Six people have resigned from the Presidential Advisory Council on HIV and AIDS stating that Trump and his administration “do not care” about the cause.
Scott Schoettes, Lucy Bradley-Springer, Gina Brown, Ulysses Burley III, Michelle Ogle, and Grissel Granados all resigned after they felt that the president was imposing regressive policies in health care.
The council was created in 1995 with the aim of providing advice, information and recommendations to the Secretary of Health concerning the prevention and cure of HIV and AIDS.
In a joint resignation letter, the group wrote that they had dedicated their lives to fighting HIV and AIDS, but felt that the Trump administration was not preventing them from doing this successfully.
Schoettes wrote: “As advocates for people living with HIV, we have dedicated our lives to combating this disease and no longer feel we can do so effectively within the confines of an advisory body to a president who simply does not care.”
They went on to write that the current state of the advisory board, which is also known as PACHA, was “concerning”.
“The Trump Administration has no strategy to address the on-going HIV/AIDS epidemic, seeks zero input from experts to formulate HIV policy, and—most concerning—pushes legislation that will harm people living with HIV and halt or reverse important gains made in the fight against this disease.”
The group went on to write that the eventual fate of PACHA was clear from before the election.
While Democratic candidates Hillary Clinton and Bernie Sanders both met with HIV advocates, Donald Trump did not.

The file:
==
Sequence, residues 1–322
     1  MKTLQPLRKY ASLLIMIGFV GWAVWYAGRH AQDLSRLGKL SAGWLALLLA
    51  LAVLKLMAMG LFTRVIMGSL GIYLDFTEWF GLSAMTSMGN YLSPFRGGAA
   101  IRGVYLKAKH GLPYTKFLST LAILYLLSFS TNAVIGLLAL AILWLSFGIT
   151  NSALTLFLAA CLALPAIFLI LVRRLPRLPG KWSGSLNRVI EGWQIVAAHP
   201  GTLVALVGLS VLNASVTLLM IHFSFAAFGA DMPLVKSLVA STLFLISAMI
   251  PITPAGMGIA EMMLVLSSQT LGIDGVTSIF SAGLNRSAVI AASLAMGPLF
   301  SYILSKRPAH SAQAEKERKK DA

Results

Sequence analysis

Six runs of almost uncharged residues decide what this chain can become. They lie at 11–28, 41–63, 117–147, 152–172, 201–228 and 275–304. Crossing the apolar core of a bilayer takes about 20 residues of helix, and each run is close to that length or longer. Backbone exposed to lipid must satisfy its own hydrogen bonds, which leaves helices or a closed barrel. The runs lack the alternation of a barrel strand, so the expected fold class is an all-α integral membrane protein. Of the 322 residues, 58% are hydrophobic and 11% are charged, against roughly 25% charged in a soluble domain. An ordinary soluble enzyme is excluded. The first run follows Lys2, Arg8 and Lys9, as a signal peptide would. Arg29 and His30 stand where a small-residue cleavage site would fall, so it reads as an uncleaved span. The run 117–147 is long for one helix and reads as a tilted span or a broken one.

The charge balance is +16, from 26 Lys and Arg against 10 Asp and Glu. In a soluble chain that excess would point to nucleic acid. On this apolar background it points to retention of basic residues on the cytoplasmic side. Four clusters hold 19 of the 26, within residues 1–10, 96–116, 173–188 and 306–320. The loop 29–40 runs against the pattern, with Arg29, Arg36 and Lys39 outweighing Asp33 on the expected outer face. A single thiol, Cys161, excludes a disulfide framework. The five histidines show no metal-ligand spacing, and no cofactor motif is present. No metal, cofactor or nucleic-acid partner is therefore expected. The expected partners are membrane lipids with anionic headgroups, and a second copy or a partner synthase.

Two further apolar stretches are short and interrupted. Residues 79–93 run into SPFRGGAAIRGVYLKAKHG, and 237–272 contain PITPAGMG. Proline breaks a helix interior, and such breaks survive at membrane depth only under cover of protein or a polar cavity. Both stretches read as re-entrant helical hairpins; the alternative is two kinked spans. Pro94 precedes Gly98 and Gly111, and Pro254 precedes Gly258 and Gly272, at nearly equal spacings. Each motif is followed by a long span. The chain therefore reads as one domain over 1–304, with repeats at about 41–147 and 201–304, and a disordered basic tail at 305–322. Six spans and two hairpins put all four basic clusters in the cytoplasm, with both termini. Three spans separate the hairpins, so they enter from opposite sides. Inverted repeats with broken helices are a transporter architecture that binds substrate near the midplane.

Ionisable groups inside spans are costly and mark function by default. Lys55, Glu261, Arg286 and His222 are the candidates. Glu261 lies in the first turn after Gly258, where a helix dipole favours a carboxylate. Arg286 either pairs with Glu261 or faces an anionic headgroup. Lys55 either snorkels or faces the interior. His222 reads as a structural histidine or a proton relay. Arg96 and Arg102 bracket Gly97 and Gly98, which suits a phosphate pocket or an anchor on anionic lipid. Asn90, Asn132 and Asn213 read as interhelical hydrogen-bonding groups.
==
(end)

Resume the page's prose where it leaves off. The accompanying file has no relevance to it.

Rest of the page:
The president has also neglected to appoint someone to the post of the White House Office of National AIDS policy.
Schoettes explained that these blatant disregards to the severity of HIV and AIDS meant that the diseases were not on Trump and his advisor’s priority lists.
They also addressed the president’s plan to repeal the Affordable Care Act (ACA) and the cuts to Medicaid – and what this will do to those who rely on the programmes for their HIV and AIDS treatment.
The letter stated: “We know who the biggest losers will be if states are given the option of eliminating essential health benefits or allowing insurers to charge people with HIV substantially more than others.
“It will be people—many of them people of color—across the South and in rural and underserved areas across the country, the regions and communities now at the epicentre of the U.S. HIV/AIDS epidemic.
“It will be young gay and bisexual men; it will be women of colour; it will be transgender women; it will be low-income people. It will be people who become newly infected in an uncontrolled epidemic, new cases that could be prevented by appropriate care for those already living with the disease.”
The group concluded the letter by saying that the resignation was not an easy decision, but one that must be made.
“The decision to resign from government service is not one that any of us take lightly. However, we cannot ignore the many signs that the Trump Administration does not take the on-going epidemic or the needs of people living with HIV seriously.”